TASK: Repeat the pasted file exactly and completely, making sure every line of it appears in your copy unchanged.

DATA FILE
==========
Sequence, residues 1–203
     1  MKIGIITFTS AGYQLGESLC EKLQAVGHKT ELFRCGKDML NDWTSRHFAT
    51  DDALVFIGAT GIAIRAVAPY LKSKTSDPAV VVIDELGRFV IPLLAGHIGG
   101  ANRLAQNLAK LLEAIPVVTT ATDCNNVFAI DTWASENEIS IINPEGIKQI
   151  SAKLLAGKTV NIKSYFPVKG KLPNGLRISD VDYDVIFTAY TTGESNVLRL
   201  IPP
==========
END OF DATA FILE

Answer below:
Sequence, residues 1–203
     1  MKIGIITFTS AGYQLGESLC EKLQAVGHKT ELFRCGKDML NDWTSRHFAT
    51  DDALVFIGAT GIAIRAVAPY LKSKTSDPAV VVIDELGRFV IPLLAGHIGG
   101  ANRLAQNLAK LLEAIPVVTT ATDCNNVFAI DTWASENEIS IINPEGIKQI
   151  SAKLLAGKTV NIKSYFPVKG KLPNGLRISD VDYDVIFTAY TTGESNVLRL
   201  IPP